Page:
​Per­for­mance man­age­ment is the con­tin­u­ous process of improv­ing per­for­mance by set­ting indi­vid­ual and team goals which are aligned to the strate­gic goals of the organ­i­sa­tion. It is a process of reviewing and assessing the progress of individual staff and teams of staff and providing direction and coaching to maximise the outcomes of each staff member. For those who aren’t performing it is a vital tool to assess whether they are suited to the role or organisation and can be pivotal in exiting them from the business if required.

A key point here is that per­for­mance man­age­ment is a con­tin­u­ous process — not a once-a-year activ­i­ty. Qual­i­ty per­for­mance man­age­ment should, there­fore, bring togeth­er a num­ber of dif­fer­ent, inte­grat­ed activ­i­ties to form an ongo­ing​ ‘per­for­mance man­age­ment cycle’.

It is often the responsibility of HR to present the business case for performance management to senior management and to explain why it should have a year-round focus. Human Resources are also faced with the need to ensure that line managers are committed to playing their part in such culture change in order to achieve the right business outcomes.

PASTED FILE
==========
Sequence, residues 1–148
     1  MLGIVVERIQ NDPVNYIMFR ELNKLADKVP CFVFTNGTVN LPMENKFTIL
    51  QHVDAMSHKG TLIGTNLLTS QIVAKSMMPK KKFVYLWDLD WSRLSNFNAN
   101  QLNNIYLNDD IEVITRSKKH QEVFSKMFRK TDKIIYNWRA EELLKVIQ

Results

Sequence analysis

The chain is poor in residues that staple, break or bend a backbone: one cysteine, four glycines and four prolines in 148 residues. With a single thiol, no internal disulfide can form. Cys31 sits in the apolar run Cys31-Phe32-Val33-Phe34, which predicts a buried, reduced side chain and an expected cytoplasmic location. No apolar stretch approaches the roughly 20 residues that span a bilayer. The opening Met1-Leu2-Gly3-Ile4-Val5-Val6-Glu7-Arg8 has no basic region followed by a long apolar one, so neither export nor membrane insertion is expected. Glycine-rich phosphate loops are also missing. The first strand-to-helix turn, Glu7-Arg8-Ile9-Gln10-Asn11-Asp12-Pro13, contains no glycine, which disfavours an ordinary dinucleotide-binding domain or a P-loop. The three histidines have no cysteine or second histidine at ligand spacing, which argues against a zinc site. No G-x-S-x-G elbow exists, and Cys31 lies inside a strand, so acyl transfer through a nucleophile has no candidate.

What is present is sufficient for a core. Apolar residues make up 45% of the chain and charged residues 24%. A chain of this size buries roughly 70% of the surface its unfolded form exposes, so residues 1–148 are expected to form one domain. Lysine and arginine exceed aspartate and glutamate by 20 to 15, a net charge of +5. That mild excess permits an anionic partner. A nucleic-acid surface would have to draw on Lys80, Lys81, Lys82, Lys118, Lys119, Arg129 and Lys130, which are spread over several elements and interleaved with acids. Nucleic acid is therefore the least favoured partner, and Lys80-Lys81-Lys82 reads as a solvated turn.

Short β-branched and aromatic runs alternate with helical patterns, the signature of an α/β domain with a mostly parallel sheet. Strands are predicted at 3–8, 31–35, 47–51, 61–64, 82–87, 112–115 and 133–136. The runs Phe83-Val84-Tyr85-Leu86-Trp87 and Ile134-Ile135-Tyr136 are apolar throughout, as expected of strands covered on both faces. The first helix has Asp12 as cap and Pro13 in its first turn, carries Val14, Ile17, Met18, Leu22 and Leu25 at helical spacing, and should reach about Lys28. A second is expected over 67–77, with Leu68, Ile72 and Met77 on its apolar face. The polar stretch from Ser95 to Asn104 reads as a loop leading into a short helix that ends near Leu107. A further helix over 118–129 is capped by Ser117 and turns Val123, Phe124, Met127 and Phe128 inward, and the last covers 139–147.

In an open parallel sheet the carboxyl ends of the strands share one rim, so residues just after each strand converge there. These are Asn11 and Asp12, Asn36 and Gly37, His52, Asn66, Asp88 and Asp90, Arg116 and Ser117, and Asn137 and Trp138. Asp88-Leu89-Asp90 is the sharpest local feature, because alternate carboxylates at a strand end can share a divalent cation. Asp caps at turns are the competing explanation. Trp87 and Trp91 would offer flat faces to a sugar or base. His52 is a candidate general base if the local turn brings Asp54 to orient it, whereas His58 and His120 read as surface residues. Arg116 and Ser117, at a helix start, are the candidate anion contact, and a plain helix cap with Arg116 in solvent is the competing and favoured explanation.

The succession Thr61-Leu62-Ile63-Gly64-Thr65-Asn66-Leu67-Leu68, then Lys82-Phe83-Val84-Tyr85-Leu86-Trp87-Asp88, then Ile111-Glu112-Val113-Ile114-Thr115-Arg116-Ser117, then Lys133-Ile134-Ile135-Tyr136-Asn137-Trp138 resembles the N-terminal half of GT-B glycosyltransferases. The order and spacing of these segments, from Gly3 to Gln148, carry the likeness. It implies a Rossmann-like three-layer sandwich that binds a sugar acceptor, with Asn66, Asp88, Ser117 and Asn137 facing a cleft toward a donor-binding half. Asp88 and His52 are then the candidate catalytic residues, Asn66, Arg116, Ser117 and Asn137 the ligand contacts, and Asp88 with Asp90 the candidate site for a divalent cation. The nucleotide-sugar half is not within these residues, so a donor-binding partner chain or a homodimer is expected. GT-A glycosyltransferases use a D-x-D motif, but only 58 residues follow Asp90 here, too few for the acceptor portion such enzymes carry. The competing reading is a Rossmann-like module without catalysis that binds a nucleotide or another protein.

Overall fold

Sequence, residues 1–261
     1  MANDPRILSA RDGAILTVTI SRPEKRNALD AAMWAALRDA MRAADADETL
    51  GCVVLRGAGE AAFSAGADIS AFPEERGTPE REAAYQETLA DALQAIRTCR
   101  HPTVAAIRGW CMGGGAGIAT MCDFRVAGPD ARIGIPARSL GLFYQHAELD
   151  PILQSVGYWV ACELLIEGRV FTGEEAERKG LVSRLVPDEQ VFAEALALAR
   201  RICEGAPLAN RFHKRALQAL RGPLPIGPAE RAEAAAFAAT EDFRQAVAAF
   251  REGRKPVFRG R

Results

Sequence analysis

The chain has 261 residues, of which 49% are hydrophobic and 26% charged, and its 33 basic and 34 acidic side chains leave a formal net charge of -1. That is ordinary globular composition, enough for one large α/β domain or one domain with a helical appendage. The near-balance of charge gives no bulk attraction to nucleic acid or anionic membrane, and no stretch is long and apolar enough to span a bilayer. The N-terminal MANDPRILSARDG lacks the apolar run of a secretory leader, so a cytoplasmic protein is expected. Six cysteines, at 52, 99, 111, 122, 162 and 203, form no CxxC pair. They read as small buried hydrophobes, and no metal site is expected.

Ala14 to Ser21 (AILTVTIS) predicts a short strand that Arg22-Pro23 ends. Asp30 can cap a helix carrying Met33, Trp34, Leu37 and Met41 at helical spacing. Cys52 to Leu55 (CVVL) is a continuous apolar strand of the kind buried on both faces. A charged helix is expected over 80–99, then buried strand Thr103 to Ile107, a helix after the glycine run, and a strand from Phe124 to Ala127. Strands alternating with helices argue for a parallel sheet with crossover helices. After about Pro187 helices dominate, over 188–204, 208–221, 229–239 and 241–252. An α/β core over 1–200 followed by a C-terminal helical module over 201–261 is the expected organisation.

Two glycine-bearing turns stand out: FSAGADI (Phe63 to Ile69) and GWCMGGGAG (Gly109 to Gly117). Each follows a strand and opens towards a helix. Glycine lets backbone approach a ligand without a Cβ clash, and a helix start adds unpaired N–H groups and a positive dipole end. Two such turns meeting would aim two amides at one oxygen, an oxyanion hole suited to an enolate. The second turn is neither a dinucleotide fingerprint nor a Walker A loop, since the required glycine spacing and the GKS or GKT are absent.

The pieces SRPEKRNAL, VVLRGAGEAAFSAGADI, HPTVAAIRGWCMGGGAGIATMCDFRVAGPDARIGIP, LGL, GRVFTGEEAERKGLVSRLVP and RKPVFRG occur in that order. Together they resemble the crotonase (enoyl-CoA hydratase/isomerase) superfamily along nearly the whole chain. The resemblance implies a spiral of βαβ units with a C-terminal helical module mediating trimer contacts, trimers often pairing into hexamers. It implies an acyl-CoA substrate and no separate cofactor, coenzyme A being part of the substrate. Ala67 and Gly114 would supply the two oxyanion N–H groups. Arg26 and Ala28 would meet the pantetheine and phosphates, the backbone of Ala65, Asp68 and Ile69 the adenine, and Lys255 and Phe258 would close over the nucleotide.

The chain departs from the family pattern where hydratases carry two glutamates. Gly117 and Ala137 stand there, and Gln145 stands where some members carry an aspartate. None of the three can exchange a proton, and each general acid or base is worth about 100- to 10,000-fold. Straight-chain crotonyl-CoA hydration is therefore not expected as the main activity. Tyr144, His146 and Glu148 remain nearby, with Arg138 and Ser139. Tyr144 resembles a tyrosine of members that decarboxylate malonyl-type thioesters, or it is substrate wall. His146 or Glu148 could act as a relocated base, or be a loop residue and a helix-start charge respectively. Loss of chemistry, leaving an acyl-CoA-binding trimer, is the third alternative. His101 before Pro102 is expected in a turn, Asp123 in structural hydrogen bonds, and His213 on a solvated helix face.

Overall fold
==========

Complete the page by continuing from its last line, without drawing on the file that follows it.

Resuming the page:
Yet, despite the initial resistance, those organisations that adopt the approach of regular and consistent performance management processes report not only better performance outcomes and higher productivity, but also staff who are eager to attend performance discussions and are keen to receive feedback.

3. Verbal warnings do not need to be documented

The term verbal warning refers to the process of providing direction and/or discipline to an employee via a conversation rather than in a written format.